Dear Friends and Neighbors,
After one of the longest sessions in state history, the Legislature is finally adjourned. We should have finished in April, but I’m glad lawmakers were able to pass a bipartisan operating budget and capital budget in that time.
Legislature passes bipartisan operating, capital and transportation budgets
Here are some of the operating budget highlights:
- $1.3 billion investment in K-12 education that meets our constitutional obligation as well as funds full-day kindergarten and reduces class sizes.
- Provides an overdue cost-of-living adjustment for teachers.
- Addresses court-mandated state mental health system changes.
- Reduces college tuition at two-year and four-year institutions.
- Funding for early learning programs and child care.
- And more!
We also passed a two-year capital budget this session. It provides for a number of projects in the 30th District, including the Auburn Youth Resources campus extension, the Federal Way Performing Arts Center, the Redondo boardwalk repair and more.
It’s been an honor to serve on the Capital Budget committee this session to ensure our district gets the projects it needs to be a safer, caring and productive community.
The Legislature also passed a transportation revenue package that plans to fund a significant number of projects in the 30th District. You can find the full list of projects by visiting fiscal.wa.gov, clicking “Map Capital Projects,” and selecting the 30th Legislative District.
Sen. Mark Miloscia and I are hosting our district office grand opening Tuesday, July 14. We invite everyone to come out to this community event to connect with their lawmakers.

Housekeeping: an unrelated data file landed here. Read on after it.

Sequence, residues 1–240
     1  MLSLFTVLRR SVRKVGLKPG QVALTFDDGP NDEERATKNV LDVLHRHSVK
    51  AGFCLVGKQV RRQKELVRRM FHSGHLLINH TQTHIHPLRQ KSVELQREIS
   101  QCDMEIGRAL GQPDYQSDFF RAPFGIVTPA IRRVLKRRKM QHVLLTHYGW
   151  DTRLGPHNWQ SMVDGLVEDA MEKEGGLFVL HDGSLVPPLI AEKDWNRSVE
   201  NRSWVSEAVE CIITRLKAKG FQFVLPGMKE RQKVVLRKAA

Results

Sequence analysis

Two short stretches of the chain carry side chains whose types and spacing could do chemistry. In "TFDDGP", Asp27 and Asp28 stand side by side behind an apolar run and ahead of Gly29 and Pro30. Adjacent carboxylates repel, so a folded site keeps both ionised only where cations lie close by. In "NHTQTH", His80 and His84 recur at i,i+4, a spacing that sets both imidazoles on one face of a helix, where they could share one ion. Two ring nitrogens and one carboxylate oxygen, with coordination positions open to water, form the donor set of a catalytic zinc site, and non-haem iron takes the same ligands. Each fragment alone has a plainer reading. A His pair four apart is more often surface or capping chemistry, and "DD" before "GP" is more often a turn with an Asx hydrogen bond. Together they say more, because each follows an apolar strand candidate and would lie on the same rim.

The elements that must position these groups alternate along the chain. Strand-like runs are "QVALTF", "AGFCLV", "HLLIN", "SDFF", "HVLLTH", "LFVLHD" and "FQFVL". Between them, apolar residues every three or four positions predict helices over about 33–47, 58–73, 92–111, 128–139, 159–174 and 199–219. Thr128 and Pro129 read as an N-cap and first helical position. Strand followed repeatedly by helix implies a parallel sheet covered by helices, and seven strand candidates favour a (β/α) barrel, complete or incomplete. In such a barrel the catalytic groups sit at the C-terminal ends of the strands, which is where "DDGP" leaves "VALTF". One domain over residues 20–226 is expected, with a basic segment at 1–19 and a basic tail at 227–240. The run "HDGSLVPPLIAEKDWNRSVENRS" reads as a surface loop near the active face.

The office is located at 33305 1st Way S, Suite B-104 in Federal Way. Our legislative assistants will staff the office throughout the remainder of the year and will be available to constituents of the 30th District for questions, and scheduling appointments.
I look forward to seeing you July 14!
This session, I sponsored House Bill 1987, which would have expanded collective bargaining rights to a small community of county court marshals who work in King, Snohomish and Thurston counties.
According to the Public Employees’ Collective Bargaining Act, uniformed personnel of cities, counties and other municipalities may seek interest arbitration if negotiations for a contract cannot be resolved through mediation. Currently, county court marshals do not fall under the definition of “uniformed personnel.”
Current uniformed personnel who are provided interest arbitration provisions include, among others: firefighters, law enforcement officers in larger cities and counties, correctional employees, and publicly employed advanced life support technicians.
While my version of the bill didn’t advance this session, I’m glad Senate Bill 6092 is now on the books for our county court marshals.
122F Legislative Building | P.O. Box 40600 | Olympia, WA 98504-0600
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